Cindy C. A. Pereira


Professional Multilingual Voice Overs




Basic Microphone Set Up

Do you hate wires? If not, awesome, carry on. If so, boy can I relate. But (bird by bird baby) we can break the task down.

So if you are a novice as I was and are wondering why not just plug in a USB mic, the answer is you can... but a good analog mic sounds so much better. I am not an audio engineer but a large diaphragm condenser mic simply makes you sound more professional and impacts your recording. You also want to be able to say that is what you are using when asked because it signals to people that you take your sound seriously.

You have a wide selection of microphones. Edge Studio has a page on their site that goes over a great deal of information. Check it out here. Ultimately you will have to make the choice that best suits your voice. This might be a question you could ask at one of the classes you take or if you are recording a demo, when you have access to an audio engineer.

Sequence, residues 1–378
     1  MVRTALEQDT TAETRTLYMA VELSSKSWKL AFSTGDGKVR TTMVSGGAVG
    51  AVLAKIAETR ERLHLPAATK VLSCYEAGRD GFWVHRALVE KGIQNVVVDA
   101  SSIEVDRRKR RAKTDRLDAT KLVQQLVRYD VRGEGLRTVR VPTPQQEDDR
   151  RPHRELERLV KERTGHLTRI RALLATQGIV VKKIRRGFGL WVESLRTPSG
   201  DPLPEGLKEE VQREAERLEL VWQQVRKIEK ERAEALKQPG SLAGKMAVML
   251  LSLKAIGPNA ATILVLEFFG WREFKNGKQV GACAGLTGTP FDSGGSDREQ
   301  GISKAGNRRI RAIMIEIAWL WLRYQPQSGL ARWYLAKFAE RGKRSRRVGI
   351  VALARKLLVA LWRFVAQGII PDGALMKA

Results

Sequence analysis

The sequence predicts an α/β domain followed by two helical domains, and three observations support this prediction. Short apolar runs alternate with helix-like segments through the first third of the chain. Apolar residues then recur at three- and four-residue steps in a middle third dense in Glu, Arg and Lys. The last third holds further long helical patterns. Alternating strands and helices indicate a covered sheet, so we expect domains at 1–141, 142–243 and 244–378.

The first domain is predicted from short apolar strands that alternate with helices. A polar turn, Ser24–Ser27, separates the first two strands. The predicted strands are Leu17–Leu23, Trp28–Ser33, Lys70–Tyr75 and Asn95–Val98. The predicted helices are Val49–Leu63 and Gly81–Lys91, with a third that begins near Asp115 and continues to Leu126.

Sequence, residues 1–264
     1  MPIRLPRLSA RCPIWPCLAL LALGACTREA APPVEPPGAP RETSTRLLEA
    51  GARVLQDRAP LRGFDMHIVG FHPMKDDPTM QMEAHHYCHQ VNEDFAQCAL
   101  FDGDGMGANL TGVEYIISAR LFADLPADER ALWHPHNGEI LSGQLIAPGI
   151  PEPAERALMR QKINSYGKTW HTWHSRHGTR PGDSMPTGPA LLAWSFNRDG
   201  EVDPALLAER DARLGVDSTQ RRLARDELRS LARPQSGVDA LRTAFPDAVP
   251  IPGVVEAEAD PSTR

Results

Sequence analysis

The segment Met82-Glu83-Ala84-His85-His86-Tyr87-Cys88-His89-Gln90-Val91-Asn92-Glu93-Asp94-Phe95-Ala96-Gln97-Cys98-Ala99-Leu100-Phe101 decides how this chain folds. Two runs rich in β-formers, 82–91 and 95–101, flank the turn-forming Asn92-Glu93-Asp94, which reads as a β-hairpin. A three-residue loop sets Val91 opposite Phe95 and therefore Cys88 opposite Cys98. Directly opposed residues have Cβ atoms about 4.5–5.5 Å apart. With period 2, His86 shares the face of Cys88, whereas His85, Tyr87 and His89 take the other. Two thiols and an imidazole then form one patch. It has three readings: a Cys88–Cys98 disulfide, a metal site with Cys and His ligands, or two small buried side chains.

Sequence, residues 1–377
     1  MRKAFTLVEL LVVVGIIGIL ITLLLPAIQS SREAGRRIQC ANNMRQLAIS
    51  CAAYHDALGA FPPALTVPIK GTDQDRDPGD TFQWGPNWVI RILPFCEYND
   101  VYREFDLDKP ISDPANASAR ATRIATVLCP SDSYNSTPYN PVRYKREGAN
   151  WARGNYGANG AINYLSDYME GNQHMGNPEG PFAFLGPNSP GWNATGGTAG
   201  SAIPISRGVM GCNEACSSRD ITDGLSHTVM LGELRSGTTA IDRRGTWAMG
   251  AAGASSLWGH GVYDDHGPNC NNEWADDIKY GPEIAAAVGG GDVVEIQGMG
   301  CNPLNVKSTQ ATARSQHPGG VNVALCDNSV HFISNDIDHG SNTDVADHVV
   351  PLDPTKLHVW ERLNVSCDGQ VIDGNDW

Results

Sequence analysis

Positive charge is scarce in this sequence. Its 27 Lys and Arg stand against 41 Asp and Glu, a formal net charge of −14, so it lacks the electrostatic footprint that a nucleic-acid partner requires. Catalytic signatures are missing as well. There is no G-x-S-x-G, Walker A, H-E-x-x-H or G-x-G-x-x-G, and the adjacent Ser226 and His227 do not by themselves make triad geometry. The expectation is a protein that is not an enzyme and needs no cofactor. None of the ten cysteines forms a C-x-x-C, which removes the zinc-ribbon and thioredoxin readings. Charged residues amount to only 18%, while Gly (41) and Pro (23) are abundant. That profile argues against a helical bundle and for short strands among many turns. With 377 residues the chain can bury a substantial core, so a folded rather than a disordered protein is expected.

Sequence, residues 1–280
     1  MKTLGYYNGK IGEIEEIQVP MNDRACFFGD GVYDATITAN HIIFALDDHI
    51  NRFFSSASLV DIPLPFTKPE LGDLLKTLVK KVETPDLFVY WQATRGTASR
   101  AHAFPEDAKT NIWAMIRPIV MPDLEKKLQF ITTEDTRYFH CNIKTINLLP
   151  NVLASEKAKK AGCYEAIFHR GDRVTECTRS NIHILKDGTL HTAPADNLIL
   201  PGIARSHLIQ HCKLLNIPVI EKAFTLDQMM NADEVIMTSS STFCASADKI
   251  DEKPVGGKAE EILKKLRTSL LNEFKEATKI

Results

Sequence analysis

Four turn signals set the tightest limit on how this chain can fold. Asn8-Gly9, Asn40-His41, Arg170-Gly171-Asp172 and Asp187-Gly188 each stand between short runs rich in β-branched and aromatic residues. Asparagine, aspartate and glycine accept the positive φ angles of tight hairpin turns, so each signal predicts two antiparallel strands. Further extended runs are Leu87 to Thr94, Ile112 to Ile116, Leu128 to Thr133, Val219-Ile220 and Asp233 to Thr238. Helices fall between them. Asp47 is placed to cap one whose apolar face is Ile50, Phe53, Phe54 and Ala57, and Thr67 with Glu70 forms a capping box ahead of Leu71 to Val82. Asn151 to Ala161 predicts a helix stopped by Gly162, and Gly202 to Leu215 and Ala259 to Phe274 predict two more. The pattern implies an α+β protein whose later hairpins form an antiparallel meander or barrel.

After frankly not much ado, I opted for an AKG Perception 820 tube amp mic. My reason is not technical... my husband bought it for me.  However about a year later we ended up buying a Shure because the sound seemed less brassy. My Shure is an SM7B with a switchable response regulator that cost about $350 at Musician's Friend. I got a Daking pre amp for $599 here. Note that when I was using the AKG it didn't really need that preamp, not all need more than an Apogee audio interface, which I will describe next.

If you do get an analog microphone and need to connect it to your computer. Since mics are analog and computers are digital you need another gadget to serve as an interface. A popular audio interface that works for both Mac and PC is the Apogee Duet. Check it out here.

Okay so the microphone connects to the preamp, the preamp connects to the Apogee and the Apogee connects to the computer. You can search YouTube for unboxing videos (like this one) on any of these for explicit details on the hook up.

Depending on what software you are using, you will need to make sure that in your sound preferences you are indicating where you want the sound to come from. Typically once you've installed the Apogee it will show up as an option.

Okay so if you have been following along you have thus far done some research, sought out a class or two, prepared an environment conducive to recording and now you purchased the items you will need to record.

Pat yourself on the back. You've already gone beyond where most aspiring voice actors throw in the towel. See you next week for more.